But how was this possible? According to the researchers, the Arctic conditions created the perfect environment for preservation. Between the zero-degree water temperature, lack of natural light, and sedimentation, the artifacts had very little chance to decompose.


This exploration marks the first many in an effort to recover all artifacts from the wreckages. By analyzing these objects, researchers hope to learn more about how and why Franklin’s expedition met its tragic end.

The Sun

“The excellent condition of the ship will, I hope, mean that there will soon be answers to so many questions about the fate of the Franklin Expedition, shrouded in mystery since 1845,” said British High Commissioner to Canada Susan Le Jeune d’Allegeershecque.

Since the fateful sinking of the Terror and the Erebus, more than a handful of other ships have also met a watery grave. The SS America, for instance, was originally sold to become a hotel off Phuket, Thailand, though it never made it there.

While its base was still in excellent condition, the ship could no longer run properly and was set to be towed across the ocean for 100 days. But, the towlines broke, and, despite the crew’s best efforts, the ship was left adrift.

On January 18, 1992, it ran aground off the west coast of Fuerteventura in the Canary Islands where it slowly disintegrated over time. Only a relatively small section of the bow, as well as the keel of the vessel, were still visible at low tide.

2. Desert Ships in Mo’ynoq, Uzbekistan: The last place you’d expect to find a shipwreck is the desert, but there are plenty to be found outside of Mo’ynoq, Uzbekistan. It was once a busy Soviet fishing port on the Aral Sea — once one of the four largest lakes in the world — but today, nothing but desert remains.

What once was a 26,300 square mile body of water has dried up when the rivers feeding it were diverted for irrigation purposes. It has since shrunk to less than 10% of its original size and is considered one of the most catastrophic environmental disasters of all time.

The ships are located 100 miles from the current shore, creating a surreal sight for anyone who finds them. While the ships themselves don’t seem to be haunted, Mo’ynoq has become a ghost town of abandoned fish industries. Pretty eerie…

3. SS Antilla in Aruba, The Caribbean: This German cargo ship was launched in 1939 but didn’t live a long life… it was built for trade between Germany and the Caribbean and thus named after the Dutch islands, which are referred to as “The Antillen.”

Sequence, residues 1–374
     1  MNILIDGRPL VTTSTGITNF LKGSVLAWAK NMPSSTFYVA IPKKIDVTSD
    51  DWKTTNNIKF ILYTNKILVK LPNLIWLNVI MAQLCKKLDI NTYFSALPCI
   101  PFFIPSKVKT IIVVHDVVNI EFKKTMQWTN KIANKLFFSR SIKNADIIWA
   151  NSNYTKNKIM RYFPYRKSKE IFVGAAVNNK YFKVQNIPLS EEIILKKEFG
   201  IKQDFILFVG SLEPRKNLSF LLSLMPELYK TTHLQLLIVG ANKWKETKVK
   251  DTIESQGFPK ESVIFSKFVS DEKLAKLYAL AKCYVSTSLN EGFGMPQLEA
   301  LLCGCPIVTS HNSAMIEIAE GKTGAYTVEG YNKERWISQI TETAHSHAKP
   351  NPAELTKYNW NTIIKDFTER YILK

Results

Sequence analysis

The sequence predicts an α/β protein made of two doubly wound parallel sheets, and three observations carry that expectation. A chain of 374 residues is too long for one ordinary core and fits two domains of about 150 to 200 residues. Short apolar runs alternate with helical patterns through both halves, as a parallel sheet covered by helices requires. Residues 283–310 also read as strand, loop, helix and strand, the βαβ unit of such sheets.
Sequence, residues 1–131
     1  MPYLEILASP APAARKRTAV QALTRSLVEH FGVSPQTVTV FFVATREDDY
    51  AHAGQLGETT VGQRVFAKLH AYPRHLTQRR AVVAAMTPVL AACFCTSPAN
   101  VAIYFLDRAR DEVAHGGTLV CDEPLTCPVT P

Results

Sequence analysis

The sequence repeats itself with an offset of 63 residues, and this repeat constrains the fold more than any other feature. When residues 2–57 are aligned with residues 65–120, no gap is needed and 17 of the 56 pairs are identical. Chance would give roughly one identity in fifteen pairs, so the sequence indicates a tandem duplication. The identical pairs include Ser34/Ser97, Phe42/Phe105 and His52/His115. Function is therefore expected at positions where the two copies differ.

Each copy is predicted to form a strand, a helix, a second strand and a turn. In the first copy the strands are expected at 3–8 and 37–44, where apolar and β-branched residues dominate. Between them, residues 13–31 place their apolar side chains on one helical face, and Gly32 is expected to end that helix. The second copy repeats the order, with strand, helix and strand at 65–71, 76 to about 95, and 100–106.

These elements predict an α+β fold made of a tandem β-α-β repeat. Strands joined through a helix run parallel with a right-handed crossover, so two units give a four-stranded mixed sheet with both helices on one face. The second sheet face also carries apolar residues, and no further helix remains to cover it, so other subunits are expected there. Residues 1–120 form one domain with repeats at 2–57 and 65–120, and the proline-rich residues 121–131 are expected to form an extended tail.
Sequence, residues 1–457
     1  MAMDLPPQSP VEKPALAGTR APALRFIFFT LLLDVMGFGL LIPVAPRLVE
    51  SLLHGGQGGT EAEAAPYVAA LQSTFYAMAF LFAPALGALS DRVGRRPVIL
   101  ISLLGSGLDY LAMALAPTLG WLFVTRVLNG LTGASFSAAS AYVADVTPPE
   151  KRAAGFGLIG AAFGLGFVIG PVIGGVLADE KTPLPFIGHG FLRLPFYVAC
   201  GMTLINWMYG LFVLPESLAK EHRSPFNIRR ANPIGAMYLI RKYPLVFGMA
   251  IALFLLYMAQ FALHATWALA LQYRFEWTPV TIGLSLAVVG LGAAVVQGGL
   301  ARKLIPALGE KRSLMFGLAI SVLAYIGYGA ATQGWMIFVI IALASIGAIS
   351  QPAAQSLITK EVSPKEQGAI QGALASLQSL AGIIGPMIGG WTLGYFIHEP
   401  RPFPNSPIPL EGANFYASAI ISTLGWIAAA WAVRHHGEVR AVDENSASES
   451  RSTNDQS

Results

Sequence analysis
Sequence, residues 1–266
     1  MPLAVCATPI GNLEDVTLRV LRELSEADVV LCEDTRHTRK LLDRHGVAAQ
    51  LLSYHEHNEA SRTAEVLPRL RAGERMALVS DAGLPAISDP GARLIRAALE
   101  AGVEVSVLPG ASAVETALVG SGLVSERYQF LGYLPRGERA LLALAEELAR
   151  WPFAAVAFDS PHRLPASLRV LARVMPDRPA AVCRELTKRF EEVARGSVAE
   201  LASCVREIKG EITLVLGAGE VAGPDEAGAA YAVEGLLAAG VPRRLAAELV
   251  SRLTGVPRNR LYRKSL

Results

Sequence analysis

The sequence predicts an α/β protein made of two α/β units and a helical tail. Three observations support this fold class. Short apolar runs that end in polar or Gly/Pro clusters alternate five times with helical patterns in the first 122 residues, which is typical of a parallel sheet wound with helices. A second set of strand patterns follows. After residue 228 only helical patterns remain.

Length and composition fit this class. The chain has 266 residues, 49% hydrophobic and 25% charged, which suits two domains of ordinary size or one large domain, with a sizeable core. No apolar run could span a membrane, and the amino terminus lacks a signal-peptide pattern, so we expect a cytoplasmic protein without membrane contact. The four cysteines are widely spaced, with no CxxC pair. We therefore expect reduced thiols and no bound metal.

On May 10th, 1940, Germany invaded the Netherlands, so the Dutch government immediately ordered the seizure of all German ships. However, before the Dutch marines could execute their attack, the Germans began to scuttle, or purposely sink, the Antilla.

One crewman locked himself in the engine room, opened her seacocks, and climbed out through the funnel, while others set fire to several parts of the ship. Sixty years later, she became a popular scuba diving spot.

4. HMS E5 in the North Sea, The Netherlands: The Antilla was not the only ship that led a short life due to warfare. The English E-class submarine was on its way to rescue survivors of a wrecked trawler in the North Sea when it met its fate.

It was 1916, in the middle of World War I, and Germany had planted underwater mines all around their coast as well as those of the Dutch Wadden Islands. Even submarines had a tough time navigating around this threat.

In 2016 divers found the wreck of E5 off the Dutch island of Schiermonnikoog. Her hatches were open, which suggests the crew tried to escape. The disappearance of its 29 sailors was finally solved.

5. M.P. Émelie in Baie-Saint-Paul, Canada: Captain Eloi Perron built what at first felt like the love of his life in 1956 and piloted it along the St. Lawrence River until 1975. It was eventually sold and resold several times until it was stranded 90km north of Quebec City.

There she lay for decades, rotting away until finally, in 2015, a fire accidentally set off by a thief trying to cut through the copper in the boat’s hull destroyed what was left of it, leaving only the frame. It pained Perron to see it whenever he visited Baie-Saint-Paul.

On February 15, 2018, Perron passed away from old age. A week later, his son was informed that the wreckage had completely disappeared! The ship left the world with its true owner.

6. Ghost fleet in Chuuk Lagoon, Micronesia: Formerly Truk Lagoon, this area is littered with planes, ships, cars, tanks and bodies — victims of WWII. For two days in 1944, Allied bombers rained destruction on the beaches of the Caroline Islands in the South Pacific.

Often referred to as “Japan’s Pearl Harbor,” Operation Hailstone was so successful that the lagoon became a kind of cemetery. Approximately 250 Japanese aircrafts and over 50 ships were destroyed and sunken.

An estimated 400 Japanese soldiers were killed in one ship alone, trapped in the cargo hold. The fleet was largely forgotten until the late 1960s, when wreck divers brought attention to the site. Japan then made recovery efforts and removed many bodies for burial.